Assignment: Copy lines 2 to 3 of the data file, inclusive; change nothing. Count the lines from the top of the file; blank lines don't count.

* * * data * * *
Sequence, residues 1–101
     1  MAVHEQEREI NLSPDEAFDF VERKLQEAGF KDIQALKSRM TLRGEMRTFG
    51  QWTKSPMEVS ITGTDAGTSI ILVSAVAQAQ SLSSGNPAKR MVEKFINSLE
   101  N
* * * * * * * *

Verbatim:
     1  MAVHEQEREI NLSPDEAFDF VERKLQEAGF KDIQALKSRM TLRGEMRTFG
    51  QWTKSPMEVS ITGTDAGTSI ILVSAVAQAQ SLSSGNPAKR MVEKFINSLE